The bookends to my bar mitzvah were the murder of 11 Israeli Olympic athletes in the 1972 summer games in Munich, and the Yom Kippur War in October 1973.
Born in New York, raised in South Florida, neither of these events involved me directly. And yet both represented an ominous rite of passage. I am not sure I would be writing these bi-monthly essays had the world not initiated me early on to the dangers of being a Jew.
With the Tokyo Olympics in Japan set to commence this week, it’s worth remembering all that has happened, and not happened, in the intervening 49 years since the Munich Olympic games. At the time, the Palestinian Liberation Organization (PLO) was itself only eight years old—three years before the Six-Day War in which Israel recaptured the West Bank and Gaza Strip. That means “Israeli settlements” could not have given birth to Palestinian terrorism. Not a single Jew lived in the West Bank and Gaza in 1964. The chant, “From the river to the Sea, Palestine will be free,” means just what it says: rid all of Israel of its Jews.
With the Tokyo Olympics in Japan set to commence this week, it’s worth remembering all that has happened, and not happened, in the intervening 49 years since the Munich Olympic games.
The PLO back then specialized in airplane hijacks (and a lone Palestinian assassination of Senator Robert F. Kennedy, who might have otherwise been elected president in 1968). The Munich Massacre, as it later was to be called, took place a mere 24 years into Israel’s nationhood. In 1972, Israel had no chance of medaling in any event. So soon after Auschwitz, Jewish athletes marching behind the Israeli flag was itself an extraordinary achievement.
Black September, the name the Munich terrorists gave themselves, entered the Olympic Village compound. Security was porous, but then again, the entire mission must have seemed so improbable with the whole world watching.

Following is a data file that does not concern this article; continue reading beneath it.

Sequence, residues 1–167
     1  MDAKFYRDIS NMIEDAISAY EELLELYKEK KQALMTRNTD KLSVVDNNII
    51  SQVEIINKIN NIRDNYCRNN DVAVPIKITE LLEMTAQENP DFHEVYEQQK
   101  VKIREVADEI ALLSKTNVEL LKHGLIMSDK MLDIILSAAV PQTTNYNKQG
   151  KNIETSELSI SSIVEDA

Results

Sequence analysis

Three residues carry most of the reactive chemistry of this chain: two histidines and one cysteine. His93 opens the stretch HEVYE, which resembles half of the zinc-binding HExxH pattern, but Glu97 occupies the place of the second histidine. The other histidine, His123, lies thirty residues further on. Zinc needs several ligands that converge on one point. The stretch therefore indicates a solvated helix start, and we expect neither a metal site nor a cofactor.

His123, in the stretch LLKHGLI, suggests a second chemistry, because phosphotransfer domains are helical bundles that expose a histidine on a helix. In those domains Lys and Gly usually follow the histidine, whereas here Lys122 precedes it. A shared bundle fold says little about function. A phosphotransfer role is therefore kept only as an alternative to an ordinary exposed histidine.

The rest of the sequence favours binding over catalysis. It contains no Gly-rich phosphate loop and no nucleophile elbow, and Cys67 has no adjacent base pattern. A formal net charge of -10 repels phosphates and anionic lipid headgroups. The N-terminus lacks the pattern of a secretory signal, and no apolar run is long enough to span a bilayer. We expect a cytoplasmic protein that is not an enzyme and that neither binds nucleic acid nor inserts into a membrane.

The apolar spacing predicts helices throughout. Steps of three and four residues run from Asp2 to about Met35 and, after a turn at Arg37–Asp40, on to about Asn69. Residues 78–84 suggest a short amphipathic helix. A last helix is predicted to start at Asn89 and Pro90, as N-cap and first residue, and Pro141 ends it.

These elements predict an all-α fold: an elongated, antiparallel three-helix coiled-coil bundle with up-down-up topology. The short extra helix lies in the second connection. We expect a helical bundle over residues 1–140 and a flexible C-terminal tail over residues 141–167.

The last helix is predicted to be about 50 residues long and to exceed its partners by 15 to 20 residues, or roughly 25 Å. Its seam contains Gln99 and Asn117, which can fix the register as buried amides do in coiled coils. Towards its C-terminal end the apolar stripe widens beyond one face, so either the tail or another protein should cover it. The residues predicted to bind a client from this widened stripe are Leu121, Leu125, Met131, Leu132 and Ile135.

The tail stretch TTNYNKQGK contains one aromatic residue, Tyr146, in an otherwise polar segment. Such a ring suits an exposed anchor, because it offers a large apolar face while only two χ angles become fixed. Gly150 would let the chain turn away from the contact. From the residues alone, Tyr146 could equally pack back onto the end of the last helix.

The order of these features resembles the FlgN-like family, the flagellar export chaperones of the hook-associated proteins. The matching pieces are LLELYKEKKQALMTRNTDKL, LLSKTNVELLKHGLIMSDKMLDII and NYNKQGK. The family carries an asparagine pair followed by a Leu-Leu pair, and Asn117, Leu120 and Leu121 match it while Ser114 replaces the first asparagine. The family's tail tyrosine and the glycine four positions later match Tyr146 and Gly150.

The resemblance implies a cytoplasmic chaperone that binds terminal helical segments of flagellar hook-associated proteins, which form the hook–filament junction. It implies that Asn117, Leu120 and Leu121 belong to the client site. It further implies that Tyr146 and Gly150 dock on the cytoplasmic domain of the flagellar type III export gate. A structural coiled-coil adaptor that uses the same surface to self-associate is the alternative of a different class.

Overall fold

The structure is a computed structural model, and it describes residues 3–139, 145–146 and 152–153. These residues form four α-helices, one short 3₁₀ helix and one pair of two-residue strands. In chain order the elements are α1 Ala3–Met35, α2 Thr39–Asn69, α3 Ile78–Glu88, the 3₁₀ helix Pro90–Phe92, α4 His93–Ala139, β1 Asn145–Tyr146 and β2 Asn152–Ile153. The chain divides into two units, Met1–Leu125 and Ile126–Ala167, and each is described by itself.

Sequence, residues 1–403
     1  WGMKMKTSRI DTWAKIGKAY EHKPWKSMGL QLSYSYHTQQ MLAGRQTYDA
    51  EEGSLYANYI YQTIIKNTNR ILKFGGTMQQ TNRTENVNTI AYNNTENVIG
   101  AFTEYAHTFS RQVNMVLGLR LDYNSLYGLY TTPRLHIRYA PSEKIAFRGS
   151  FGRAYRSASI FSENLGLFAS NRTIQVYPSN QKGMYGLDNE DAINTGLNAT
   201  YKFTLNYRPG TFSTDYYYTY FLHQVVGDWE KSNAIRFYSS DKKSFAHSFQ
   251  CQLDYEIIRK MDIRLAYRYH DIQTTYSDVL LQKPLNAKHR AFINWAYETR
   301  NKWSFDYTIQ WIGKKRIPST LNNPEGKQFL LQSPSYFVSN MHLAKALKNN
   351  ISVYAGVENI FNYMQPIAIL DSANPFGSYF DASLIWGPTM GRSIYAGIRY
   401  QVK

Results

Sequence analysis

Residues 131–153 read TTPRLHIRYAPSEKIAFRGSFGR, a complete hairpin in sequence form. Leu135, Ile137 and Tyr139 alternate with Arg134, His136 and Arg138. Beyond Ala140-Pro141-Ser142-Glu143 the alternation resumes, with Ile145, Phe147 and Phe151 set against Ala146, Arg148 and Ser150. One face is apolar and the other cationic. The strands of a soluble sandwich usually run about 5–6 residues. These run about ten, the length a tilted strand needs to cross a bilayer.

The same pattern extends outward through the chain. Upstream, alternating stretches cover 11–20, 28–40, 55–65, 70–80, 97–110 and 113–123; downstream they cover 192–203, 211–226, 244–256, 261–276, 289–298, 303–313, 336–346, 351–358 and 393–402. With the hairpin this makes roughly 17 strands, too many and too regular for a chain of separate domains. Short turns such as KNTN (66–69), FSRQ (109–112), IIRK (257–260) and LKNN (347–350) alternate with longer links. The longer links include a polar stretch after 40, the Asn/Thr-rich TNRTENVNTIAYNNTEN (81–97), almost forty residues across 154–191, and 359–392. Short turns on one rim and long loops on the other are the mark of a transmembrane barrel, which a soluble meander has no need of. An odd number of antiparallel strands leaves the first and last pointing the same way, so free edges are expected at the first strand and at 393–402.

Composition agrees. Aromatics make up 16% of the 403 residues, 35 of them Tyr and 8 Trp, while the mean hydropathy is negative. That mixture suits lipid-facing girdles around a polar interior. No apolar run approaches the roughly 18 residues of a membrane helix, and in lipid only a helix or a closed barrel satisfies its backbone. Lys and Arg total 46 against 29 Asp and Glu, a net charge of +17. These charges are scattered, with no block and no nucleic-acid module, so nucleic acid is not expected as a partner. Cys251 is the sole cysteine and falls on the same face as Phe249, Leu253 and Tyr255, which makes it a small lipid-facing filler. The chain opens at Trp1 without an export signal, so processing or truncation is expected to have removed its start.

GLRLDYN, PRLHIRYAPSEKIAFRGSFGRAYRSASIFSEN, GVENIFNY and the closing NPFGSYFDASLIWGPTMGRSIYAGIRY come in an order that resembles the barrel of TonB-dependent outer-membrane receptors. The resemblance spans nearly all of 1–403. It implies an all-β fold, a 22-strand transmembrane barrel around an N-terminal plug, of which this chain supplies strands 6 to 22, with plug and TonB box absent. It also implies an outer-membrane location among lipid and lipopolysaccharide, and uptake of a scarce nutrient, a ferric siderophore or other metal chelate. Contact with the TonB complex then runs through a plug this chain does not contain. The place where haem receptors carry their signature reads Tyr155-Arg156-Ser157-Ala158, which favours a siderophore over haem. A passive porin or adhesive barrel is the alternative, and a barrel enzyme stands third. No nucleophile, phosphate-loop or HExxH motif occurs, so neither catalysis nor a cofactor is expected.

Nine Israeli Olympians were kidnapped; two had already been killed at the dormitory. The German military was prevented from assisting local police; so, too, were Israeli commandos. Eventually, all nine hostages were killed in a botched rescue attempt.
Shocking, or perhaps not so, the games went on—without a memorial service. Why dampen the global mood? An official ceremony would not take place until 2016.
The Palestinian terrorists captured on the tarmac were eventually set free in exchange for German hostages taken during yet another Palestinian airplane hijacking. Over several years, Israel would assassinate those responsible for the crime.
Ironically, it was at the Munich Olympics that Jewish-American swimmer, Mark Spitz, from Los Angeles, won seven Olympic Gold Medals, a record at the time. The world’s fastest human in water was sprinted away to America in case he, too, became a target.
Germany was jinxed for Jewish athletes even before 1972. Berlin was the site of the Olympic games shortly before the Holocaust. In 1936, Adolf Hitler hosted the games as a showcase of Aryan superiority. Someone forgot to tell American track and field superstar, Jesse Owens. He went on to win four Olympic Gold Medals. The Fuhrer was furious. But it could have been worse: Owens could have been a Jew.